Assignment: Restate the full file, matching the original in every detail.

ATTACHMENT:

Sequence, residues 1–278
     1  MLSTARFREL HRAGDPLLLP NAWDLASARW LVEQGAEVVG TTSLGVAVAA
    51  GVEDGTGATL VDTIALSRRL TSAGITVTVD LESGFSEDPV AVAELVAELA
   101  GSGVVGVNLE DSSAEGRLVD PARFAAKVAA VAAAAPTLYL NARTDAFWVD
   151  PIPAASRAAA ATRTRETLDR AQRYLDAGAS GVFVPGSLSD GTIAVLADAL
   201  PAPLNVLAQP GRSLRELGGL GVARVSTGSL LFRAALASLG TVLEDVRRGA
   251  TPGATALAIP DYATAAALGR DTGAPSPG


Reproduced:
Sequence, residues 1–278
     1  MLSTARFREL HRAGDPLLLP NAWDLASARW LVEQGAEVVG TTSLGVAVAA
    51  GVEDGTGATL VDTIALSRRL TSAGITVTVD LESGFSEDPV AVAELVAELA
   101  GSGVVGVNLE DSSAEGRLVD PARFAAKVAA VAAAAPTLYL NARTDAFWVD
   151  PIPAASRAAA ATRTRETLDR AQRYLDAGAS GVFVPGSLSD GTIAVLADAL
   201  PAPLNVLAQP GRSLRELGGL GVARVSTGSL LFRAALASLG TVLEDVRRGA
   251  TPGATALAIP DYATAAALGR DTGAPSPG